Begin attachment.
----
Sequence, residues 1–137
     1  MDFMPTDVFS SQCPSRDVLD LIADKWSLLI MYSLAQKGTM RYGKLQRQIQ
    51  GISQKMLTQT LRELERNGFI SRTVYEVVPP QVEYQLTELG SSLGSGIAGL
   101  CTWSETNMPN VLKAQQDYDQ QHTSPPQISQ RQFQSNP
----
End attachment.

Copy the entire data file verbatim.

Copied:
Sequence, residues 1–137
     1  MDFMPTDVFS SQCPSRDVLD LIADKWSLLI MYSLAQKGTM RYGKLQRQIQ
    51  GISQKMLTQT LRELERNGFI SRTVYEVVPP QVEYQLTELG SSLGSGIAGL
   101  CTWSETNMPN VLKAQQDYDQ QHTSPPQISQ RQFQSNP